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The prolonged tax deadline is Oct. 17. Here’s what filers must know


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There’s about one month until the Oct. 17 tax deadline extension, and experts say filers need to organize, especially for more complicated returns.

An estimated all-time high of 19 million American taxpayers filed an extension for his or her 2021 returns, in line with the IRS.

Kevin Brady, an authorized financial planner and vice chairman of Wealthspire Advisors in Recent York, said tax professionals have faced many challenges, including deadline changes and recent Covid-related laws.

“Whenever you mix those facts with the understaffing in tax prep and accounting firms and usual tax code complexity, filing for an extension has grow to be more of a necessity,” he said.

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For instance, the Paycheck Protection Program and worker retention credit, enacted for businesses through the pandemic, have added a “significant amount of complexity and uncertainty,” said Rob Baner, a CPA and tax advisor at The Planning Center in Moline, Illinois.

Despite these challenges, taxpayers are quickly approaching the deadline for 2021. 

“One of the best advice we can provide is to file the return as soon as possible,” said CFP Diahann Lassus, managing principal at Peapack Private Wealth Management in Recent Windfall, Recent Jersey, who can also be a member of CNBC’s Financial Advisor Council.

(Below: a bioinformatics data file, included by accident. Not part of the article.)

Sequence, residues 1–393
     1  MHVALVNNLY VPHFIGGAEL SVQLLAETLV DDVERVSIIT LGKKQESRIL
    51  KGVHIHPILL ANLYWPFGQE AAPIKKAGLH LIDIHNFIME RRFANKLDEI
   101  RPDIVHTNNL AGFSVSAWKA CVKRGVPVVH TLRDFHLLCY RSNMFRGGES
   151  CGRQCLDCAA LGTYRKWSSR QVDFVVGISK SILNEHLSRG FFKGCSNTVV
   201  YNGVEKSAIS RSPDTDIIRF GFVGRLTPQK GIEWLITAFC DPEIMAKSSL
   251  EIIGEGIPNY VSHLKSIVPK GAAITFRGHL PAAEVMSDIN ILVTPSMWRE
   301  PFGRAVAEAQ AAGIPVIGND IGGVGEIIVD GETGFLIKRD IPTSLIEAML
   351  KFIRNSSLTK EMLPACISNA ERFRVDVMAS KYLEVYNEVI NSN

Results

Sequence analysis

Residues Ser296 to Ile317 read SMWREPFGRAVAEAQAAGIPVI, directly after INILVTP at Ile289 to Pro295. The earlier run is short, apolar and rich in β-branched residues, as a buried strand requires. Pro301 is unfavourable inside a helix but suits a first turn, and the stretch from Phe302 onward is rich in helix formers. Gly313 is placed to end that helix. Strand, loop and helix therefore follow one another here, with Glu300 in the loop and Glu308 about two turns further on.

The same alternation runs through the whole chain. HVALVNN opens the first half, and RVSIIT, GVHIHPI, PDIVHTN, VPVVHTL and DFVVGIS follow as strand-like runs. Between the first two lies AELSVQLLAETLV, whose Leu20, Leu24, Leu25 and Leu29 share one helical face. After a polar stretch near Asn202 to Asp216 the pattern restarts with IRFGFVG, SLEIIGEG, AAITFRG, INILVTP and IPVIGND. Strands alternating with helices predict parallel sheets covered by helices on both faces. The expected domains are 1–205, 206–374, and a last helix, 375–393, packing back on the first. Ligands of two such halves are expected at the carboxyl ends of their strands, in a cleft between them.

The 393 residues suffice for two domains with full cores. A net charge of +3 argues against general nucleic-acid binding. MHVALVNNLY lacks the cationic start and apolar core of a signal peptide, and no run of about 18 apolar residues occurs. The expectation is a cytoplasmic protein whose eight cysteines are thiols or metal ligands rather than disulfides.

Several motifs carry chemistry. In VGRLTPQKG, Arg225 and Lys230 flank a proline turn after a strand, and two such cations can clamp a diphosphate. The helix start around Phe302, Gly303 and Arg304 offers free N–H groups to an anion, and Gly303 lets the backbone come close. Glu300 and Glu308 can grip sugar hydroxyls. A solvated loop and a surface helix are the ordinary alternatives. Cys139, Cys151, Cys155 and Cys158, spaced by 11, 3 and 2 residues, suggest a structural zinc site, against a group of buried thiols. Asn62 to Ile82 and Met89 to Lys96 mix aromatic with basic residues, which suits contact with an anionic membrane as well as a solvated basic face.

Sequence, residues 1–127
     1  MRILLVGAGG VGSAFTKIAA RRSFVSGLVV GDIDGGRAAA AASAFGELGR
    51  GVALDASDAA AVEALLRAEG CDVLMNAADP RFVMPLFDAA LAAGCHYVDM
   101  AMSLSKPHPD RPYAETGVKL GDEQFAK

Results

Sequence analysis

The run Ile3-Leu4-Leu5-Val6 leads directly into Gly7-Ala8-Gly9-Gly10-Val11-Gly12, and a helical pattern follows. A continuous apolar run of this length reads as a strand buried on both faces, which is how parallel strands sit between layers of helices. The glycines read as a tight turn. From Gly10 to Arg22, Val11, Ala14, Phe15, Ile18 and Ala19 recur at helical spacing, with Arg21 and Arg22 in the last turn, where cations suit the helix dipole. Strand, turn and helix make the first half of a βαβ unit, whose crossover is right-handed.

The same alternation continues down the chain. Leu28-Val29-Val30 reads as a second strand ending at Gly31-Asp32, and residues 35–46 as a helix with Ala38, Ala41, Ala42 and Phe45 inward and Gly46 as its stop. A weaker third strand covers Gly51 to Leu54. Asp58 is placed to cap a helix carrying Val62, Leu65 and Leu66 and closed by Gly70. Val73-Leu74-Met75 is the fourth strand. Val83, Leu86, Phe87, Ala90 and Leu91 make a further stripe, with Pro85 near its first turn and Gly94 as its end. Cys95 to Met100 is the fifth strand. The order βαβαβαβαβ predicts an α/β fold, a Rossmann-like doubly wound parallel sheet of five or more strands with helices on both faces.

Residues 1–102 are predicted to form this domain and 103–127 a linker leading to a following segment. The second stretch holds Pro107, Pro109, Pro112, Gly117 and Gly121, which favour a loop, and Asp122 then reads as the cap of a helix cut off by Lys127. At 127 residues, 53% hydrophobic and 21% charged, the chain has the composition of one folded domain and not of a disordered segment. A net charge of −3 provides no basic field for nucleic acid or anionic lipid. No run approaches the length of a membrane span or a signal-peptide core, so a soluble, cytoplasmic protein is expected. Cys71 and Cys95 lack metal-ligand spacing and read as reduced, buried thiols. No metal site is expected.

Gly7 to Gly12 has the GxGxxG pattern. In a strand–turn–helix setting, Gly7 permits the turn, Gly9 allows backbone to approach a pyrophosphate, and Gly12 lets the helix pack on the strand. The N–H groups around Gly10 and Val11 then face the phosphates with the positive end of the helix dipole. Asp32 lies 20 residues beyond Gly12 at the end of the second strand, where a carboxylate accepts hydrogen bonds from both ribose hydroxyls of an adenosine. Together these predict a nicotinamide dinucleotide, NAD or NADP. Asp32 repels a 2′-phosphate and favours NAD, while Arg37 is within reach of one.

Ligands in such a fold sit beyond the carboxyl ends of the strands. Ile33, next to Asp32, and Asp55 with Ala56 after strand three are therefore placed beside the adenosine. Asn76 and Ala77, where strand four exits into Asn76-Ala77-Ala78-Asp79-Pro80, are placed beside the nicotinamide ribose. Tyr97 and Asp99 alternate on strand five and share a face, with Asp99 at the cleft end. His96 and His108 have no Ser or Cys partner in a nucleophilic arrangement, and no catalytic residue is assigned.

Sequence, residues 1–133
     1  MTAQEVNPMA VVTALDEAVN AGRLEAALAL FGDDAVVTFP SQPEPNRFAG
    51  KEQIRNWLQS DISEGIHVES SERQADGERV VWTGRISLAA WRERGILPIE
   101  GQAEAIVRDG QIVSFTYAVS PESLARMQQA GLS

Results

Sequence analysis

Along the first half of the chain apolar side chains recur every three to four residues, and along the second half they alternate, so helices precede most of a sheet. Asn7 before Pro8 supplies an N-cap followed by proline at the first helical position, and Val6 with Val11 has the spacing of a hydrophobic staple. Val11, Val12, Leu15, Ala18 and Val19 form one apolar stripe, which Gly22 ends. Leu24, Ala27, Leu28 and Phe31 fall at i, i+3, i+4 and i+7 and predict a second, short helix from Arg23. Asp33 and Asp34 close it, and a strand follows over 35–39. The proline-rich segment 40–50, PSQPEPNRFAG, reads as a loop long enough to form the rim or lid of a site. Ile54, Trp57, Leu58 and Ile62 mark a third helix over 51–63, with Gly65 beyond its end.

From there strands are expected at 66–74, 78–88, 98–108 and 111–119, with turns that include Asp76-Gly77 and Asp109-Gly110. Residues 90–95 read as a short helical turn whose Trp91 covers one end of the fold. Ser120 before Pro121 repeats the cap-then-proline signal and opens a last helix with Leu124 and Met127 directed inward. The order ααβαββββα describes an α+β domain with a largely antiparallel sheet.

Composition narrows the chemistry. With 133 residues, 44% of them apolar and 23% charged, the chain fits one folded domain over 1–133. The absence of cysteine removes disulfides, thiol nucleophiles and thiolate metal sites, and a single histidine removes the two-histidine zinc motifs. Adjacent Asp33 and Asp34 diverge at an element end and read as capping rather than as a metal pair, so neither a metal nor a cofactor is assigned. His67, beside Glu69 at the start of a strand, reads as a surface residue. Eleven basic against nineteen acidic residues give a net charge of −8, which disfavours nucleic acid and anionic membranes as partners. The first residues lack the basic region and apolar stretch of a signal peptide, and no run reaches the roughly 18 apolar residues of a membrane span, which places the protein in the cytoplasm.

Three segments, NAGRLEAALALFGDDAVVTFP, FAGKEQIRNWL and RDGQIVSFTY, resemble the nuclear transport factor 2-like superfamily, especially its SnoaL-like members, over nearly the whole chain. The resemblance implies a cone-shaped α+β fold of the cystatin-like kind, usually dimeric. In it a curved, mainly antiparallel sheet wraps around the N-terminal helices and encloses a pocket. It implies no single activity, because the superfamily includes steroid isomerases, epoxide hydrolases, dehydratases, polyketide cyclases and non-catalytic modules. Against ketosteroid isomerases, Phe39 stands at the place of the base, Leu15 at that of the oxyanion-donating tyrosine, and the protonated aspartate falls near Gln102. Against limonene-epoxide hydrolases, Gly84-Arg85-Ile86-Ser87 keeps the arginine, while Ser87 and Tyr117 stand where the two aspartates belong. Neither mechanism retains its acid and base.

Tips on how to get organized before the Oct. 17 deadline

Experts say that with only about 4 weeks left until the deadline it is important to get organized, communicate along with your tax preparer and supply information as soon as possible.

“Don’t procrastinate,” Baner said, noting that some tax documents may take more time to process. He suggested keeping a folder for all paperwork.

For instance, tax professionals are wrestling with recent Schedule K-2 and K-3 forms for international taxes, which can not come until Sept. 15 or Sept. 30. These forms go along with Schedule K-1 forms for partnerships, S-corporations, trusts and estates.

Electronic filing is probably the most efficient.

Diahann Lassus

Managing principal at Peapack Private Wealth Management

When you’re expecting a refund, it’s possible you’ll receive it faster by e-filing and selecting direct deposit, in line with the IRS, with most error-free returns processed in fewer than 21 days.  

“Electronic filing is probably the most efficient,” Lassus said. 

Suggestions for the Oct. 17 tax extension deadline

1. Don’t procrastinate.

2. Communicate early and infrequently.

3. File electronically.

4. Pay your tax balance.

5. Reconcile Covid relief.

Nonetheless, if you happen to didn’t pay your balance by the April 18 deadline, you may owe interest and a late-payment penalty, which varies by variety of return and the length of time past the deadline, Baner explained.

Rates of interest for underpayments jump to six% from 5% on Oct. 1 and compound day by day, in line with the IRS. And if you happen to miss the tax deadline extension, it’s possible you’ll owe a late-filing penalty.

“The one excellent news here is that there is no such thing as a penalty for failure-to-file if you happen to are due a refund,” but you need to file inside three years to assert it, Lassus said. 

With the IRS still digging out from a backlog of unprocessed returns, it is important to file accurately to avoid unnecessary processing delays. 

Before filing, you will need to double-check Covid relief, corresponding to stimulus and advance child tax credit payments, Baner suggested, urging filers to match IRS letters with bank statements.

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